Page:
Efficacy of esomeprazole for treatment of poorly controlled asthma

The American Lung Association Asthma Clinical Research Centers

Research output: Contribution to journalArticle

274 Citations (Scopus)

Abstract

BACKGROUND: Gastroesophageal reflux is common among patients with asthma but often causes mild or no symptoms. It is not known whether treatment of gastroesophageal reflux with proton-pump inhibitors in patients who have poorly controlled asthma without symptoms of gastroesophageal reflux can substantially improve asthma control. METHODS: In a parallel-group, double-blind trial, we randomly assigned 412 participants with inadequately controlled asthma, despite treatment with inhaled corticosteroids, and with minimal or no symptoms of gastroesophageal reflux to receive either 40 mg of esomeprazole twice a day or matching placebo. Participants were followed for 24 weeks with the use of daily asthma diaries, spirometry performed once every 4 weeks, and questionnaires that asked about asthma symptoms. We used ambulatory pH monitoring to ascertain the presence or absence of gastroesophageal reflux in the participants. The primary outcome was the rate of episodes of poor asthma control, as assessed on the basis of entries in asthma diaries. RESULTS: Episodes of poor asthma control occurred with similar frequency in the placebo and esomeprazole groups (2.3 and 2.5 events per person-year, respectively; P = 0.66). There was no treatment effect with respect to individual components of the episodes of poor asthma control or with respect to secondary outcomes, including pulmonary function, airway reactivity, asthma control, symptom scores, nocturnal awakening, or quality of life. The presence of gastroesophageal reflux, which was documented by pH monitoring in 40% of participants with minimal or no symptoms, did not identify a subgroup of patients that benefited from treatment with proton-pump inhibitors. There were fewer serious adverse events among patients receiving esomeprazole than among those receiving placebo (11 vs. 17). CONCLUSIONS: Despite a high prevalence of asymptomatic gastroesophageal reflux among patients with poorly controlled asthma, treatment with proton-pump inhibitors does not improve asthma control. Asymptomatic gastroesophageal reflux is not a likely cause of poorly controlled asthma. (ClinicalTrials.gov number, NCT00069823.)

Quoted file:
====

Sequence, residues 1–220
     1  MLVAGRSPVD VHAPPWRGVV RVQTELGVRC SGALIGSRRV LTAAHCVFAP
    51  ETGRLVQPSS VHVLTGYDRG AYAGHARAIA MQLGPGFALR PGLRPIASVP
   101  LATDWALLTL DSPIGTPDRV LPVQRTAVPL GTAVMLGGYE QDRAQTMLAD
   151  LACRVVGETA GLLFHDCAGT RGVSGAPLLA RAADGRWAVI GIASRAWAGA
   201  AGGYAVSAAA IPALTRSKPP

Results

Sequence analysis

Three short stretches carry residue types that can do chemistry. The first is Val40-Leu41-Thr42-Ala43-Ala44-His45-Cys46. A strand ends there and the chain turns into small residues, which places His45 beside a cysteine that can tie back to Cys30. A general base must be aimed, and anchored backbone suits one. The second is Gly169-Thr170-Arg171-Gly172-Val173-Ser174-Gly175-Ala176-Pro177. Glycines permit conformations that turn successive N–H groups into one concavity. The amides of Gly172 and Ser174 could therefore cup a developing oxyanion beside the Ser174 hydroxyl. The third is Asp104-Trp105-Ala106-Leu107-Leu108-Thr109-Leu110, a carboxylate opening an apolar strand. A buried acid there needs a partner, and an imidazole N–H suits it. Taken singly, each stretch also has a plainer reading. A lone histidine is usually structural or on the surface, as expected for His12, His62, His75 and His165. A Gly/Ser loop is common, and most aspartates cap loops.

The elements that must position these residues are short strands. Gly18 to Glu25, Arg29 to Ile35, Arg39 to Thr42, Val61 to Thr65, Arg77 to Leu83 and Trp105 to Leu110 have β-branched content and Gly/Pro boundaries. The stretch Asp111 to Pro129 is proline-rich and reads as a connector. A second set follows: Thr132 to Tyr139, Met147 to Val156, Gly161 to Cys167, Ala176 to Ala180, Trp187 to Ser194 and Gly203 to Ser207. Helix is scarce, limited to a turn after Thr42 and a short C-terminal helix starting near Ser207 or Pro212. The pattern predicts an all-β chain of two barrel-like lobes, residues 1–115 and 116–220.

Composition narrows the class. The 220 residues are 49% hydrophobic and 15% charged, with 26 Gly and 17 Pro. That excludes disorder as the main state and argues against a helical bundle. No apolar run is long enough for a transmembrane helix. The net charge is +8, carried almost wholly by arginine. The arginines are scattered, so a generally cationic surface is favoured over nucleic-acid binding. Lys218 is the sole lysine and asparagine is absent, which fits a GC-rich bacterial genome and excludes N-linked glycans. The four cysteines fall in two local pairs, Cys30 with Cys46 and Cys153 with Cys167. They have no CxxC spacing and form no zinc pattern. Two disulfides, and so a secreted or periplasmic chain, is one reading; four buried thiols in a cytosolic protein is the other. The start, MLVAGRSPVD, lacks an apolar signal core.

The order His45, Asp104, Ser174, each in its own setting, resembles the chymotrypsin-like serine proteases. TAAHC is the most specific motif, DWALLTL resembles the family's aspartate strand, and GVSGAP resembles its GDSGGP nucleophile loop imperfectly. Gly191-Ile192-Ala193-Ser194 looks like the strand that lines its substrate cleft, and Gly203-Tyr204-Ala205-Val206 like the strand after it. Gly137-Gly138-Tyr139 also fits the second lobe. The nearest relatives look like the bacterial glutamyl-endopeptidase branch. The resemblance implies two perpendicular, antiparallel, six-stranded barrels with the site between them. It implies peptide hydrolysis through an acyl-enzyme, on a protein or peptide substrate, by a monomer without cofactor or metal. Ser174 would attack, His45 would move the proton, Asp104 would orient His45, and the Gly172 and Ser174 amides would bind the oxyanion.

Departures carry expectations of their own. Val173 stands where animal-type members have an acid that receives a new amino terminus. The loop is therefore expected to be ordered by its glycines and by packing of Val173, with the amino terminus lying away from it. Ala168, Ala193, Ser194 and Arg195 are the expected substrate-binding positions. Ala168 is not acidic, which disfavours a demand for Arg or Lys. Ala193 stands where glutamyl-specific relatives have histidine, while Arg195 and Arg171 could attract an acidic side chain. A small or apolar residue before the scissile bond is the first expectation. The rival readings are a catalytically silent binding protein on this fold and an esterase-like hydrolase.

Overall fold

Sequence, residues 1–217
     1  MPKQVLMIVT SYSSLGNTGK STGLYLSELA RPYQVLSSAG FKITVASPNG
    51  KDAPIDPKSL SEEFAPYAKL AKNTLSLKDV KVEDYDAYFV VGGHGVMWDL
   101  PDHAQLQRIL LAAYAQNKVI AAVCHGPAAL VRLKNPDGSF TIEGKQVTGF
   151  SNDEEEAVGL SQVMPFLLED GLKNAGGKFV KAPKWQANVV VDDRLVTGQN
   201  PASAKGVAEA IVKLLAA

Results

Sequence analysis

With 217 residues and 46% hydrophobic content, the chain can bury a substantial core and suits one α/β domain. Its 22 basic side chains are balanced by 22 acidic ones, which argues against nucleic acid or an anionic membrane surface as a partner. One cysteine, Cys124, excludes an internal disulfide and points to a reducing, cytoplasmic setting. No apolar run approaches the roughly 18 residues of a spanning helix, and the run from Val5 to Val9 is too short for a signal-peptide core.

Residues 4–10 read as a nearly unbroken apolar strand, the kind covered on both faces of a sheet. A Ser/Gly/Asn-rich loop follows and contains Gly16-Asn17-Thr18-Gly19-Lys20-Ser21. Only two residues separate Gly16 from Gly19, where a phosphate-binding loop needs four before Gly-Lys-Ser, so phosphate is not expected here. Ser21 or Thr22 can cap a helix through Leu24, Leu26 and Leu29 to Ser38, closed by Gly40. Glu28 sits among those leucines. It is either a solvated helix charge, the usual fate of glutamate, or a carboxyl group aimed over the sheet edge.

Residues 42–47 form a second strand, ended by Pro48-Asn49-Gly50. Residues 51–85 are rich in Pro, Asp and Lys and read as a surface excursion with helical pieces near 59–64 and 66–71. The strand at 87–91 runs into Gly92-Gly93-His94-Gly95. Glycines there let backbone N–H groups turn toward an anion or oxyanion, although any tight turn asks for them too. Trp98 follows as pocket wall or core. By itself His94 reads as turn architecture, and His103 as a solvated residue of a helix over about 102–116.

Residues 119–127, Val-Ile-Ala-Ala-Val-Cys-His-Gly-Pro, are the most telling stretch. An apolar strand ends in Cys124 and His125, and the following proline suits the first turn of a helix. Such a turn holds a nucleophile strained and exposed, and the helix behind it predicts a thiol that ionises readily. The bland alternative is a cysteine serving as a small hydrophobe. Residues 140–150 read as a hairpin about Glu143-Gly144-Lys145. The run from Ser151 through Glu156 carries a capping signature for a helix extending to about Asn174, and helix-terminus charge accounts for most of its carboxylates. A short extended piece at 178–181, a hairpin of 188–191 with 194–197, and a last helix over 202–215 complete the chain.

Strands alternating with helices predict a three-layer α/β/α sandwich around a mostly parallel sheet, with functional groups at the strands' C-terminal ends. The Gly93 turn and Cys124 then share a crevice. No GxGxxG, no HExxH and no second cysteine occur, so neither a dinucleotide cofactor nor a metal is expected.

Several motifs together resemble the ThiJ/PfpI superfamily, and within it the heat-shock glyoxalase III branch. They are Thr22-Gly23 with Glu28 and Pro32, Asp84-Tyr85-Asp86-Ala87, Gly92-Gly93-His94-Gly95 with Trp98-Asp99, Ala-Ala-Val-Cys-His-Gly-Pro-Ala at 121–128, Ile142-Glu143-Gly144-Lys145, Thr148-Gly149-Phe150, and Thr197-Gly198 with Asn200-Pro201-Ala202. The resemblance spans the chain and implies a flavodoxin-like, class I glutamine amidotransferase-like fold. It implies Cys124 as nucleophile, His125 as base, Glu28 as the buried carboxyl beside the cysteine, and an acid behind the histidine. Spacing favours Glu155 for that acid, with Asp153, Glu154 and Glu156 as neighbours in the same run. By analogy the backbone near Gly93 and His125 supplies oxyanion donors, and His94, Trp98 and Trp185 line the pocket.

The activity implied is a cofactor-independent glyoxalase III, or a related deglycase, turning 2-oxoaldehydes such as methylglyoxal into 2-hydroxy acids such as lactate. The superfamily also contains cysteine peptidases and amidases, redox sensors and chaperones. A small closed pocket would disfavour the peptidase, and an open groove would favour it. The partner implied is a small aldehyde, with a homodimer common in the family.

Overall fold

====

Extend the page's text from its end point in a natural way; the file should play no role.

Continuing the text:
Original languageEnglish (US)
Pages (from-to)1487-1499
Number of pages13
JournalNew England Journal of Medicine
Volume360
Issue number15
DOIs
StatePublished - Apr 9 2009
Externally publishedYes

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Esomeprazole
Asthma
Gastroesophageal Reflux
Proton Pump Inhibitors
Placebos
Therapeutics
Ambulatory Monitoring
Spirometry

ASJC Scopus subject areas

  • Medicine(all)

Cite this

The American Lung Association Asthma Clinical Research Centers (2009). Efficacy of esomeprazole for treatment of poorly controlled asthma. New England Journal of Medicine, 360(15), 1487-1499. https://doi.org/10.1056/NEJMoa0806290

Efficacy of esomeprazole for treatment of poorly controlled asthma. / The American Lung Association Asthma Clinical Research Centers.